Boris Johnson says crowds could return to sports stadiums from October

Green light for fans to return to stadiums: Boris Johnson announces sports grounds could let spectators back in from October with test events including cricket starting in just NINE DAYS’ time in the latest lifting of the UK’s lockdown

  • Crowds could return to UK sports stadiums from October as lockdown lifted
  • Prime Minister Boris Johnson made the announcement on Friday morning
  • It would be subject to a series of successful test events from later this month
  • County Championship cricket, horse racing and snooker among pilot events 
  • Sport has taken placed behind closed doors since lockdown in March 
  • Premier League clubs had anticipated the news and have canvassed fans 

Prime Minister Boris Johnson has announced crowds could return to sports stadiums in the United Kingdom from October subject to successful pilot events starting later this month. 

Sports events have taken place without crowds in attendance since March because of the risk of spreading coronavirus.

But laying out the next steps in lifting lockdown on Friday morning, Johnson said:  ‘From 1 August, we will restart indoor performance to a live audience, subject to the success of pilots, and we will also pilot larger gatherings in venues like sports stadia, with a view to a wider reopening in the autumn.

‘From October, we intend to bring back audiences in stadia. Again, these changes must be done in a Covid-secure way, subject to the successful outcome of pilots.’ 

Prime Minister Boris Johnson has said crowds could return to sports stadiums from October

Premier League fixtures have been taking place behind closed doors since football returned last month. Pictured is Wednesday night’s Arsenal vs Liverpool game at the Emirates Stadium

It raises the possibility that only the first month of the 2020-21 football season will be played out behind closed doors, with supporters allowed back in the autumn. 

The pilot events – which would see a limited number of spectators admitted to stadiums with social distancing rules observed – could begin this month. 

It has been reported that pilot events will include the County Championship cricket match between Surrey and Middlesex at The Oval on July 26, the Glorious Goodwood race meet between July 28 and August 1, and the World Snooker Championship at the Crucible from July 31.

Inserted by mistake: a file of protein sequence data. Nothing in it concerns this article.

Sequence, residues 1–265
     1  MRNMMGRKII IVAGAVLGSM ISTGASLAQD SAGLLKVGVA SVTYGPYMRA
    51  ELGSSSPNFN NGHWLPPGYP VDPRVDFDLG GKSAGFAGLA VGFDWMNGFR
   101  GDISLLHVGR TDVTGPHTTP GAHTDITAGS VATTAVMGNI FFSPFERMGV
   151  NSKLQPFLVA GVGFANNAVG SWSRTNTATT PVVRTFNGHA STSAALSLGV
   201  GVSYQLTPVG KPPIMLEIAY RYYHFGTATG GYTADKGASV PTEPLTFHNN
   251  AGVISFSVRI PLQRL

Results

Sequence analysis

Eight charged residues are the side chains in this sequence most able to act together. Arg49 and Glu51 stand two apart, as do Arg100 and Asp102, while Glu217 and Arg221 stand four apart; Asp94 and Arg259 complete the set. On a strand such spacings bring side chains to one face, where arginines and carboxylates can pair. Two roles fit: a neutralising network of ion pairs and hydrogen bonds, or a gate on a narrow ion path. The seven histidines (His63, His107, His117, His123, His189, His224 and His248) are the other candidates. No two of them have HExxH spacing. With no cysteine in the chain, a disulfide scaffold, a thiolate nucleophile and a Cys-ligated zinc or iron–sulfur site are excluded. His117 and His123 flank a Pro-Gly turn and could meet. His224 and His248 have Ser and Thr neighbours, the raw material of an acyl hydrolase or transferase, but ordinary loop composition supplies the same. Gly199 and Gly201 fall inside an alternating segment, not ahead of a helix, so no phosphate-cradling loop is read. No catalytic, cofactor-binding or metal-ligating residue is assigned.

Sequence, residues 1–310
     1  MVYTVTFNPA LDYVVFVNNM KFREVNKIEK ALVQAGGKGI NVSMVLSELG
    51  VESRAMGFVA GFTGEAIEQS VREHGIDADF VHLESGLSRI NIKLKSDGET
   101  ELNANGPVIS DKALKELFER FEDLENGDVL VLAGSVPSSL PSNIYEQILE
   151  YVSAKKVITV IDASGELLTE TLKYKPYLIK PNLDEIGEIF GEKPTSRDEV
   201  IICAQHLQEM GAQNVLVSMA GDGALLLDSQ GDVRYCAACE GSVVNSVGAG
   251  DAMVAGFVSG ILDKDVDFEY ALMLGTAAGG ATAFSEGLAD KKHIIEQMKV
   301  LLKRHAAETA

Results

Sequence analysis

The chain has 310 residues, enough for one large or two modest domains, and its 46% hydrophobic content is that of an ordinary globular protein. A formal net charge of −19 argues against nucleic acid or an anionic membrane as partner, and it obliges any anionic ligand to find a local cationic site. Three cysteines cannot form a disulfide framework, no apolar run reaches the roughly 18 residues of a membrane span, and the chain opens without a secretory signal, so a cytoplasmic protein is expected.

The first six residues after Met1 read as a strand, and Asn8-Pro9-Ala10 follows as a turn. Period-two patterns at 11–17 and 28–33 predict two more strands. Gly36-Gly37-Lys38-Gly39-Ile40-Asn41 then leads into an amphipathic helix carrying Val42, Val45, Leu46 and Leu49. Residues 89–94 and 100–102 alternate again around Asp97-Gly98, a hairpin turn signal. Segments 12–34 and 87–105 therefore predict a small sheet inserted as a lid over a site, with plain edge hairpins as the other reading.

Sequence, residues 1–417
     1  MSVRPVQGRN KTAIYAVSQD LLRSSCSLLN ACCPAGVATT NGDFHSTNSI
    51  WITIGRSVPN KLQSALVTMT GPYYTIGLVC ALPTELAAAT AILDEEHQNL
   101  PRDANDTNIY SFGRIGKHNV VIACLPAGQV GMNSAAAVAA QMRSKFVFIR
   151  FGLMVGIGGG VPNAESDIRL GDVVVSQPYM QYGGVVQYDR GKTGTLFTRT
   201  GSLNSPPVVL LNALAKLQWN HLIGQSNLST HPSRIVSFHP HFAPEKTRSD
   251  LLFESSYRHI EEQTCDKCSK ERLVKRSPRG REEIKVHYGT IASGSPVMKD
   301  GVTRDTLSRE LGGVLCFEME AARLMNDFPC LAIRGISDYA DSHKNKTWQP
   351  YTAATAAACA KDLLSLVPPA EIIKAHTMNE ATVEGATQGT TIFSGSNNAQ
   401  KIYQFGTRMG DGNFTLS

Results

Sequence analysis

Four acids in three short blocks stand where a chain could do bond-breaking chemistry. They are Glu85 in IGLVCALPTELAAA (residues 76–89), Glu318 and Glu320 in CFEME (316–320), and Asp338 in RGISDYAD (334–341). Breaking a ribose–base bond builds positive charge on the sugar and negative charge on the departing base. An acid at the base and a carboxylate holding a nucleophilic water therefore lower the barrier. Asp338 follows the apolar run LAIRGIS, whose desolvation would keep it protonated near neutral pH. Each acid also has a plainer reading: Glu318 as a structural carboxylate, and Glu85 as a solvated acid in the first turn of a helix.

A County Championship match at The Oval between Surrey and Middlesex on July 26 will be one of the pilot events with a limited number of spectators admitted

The World Snooker Championship at the Crucible Theatre in Sheffield, starting on July 31 and won last year by Judd Trump (pictured), will also see spectators admitted in limited numbers

Sportsmail reported last week that Premier League clubs have informed fans they expect they’ll be able to return to attend matches early next season.  

Premier League clubs are already canvassing fans to gauge opinion on a return to stadiums. Some of the key issues on which clubs are looking for feedback from fans are:

  • How to fairly distribute tickets if, as expected, capacities are reduced 
  • Whether fans would be happy to disclose their health details 
  • How they would travel to games and if they would feel safe taking public transport to matches 
  • Whether season-ticket holders would be satisfied with not sitting in their normal seats   

Football fans will be hopeful of returning to stadiums early during the 2020-21 season

The Test match between England and West Indies is ongoing without fans at Old Trafford

The arrival and departure of supporters is emerging as a big issue as clubs look to implement measures to ensure their safety.

Clubs are exploring the possibility of issuing staggered arrival and departure times for fans during the opening phase of allowing them back into grounds.

Other sports to have taken place behind closed doors in the UK include Test cricket matches between England and West Indies, snooker tournaments at Milton Keynes and horse racing meets.  

The potential for fans to return to stadiums will come as a financial lifeline for EFL and non-league football clubs who rely on gate receipts and matchday income for a large proportion of their revenue. 

Likewise, clubs will not feel more confidence selling season tickets to fans for next season.  

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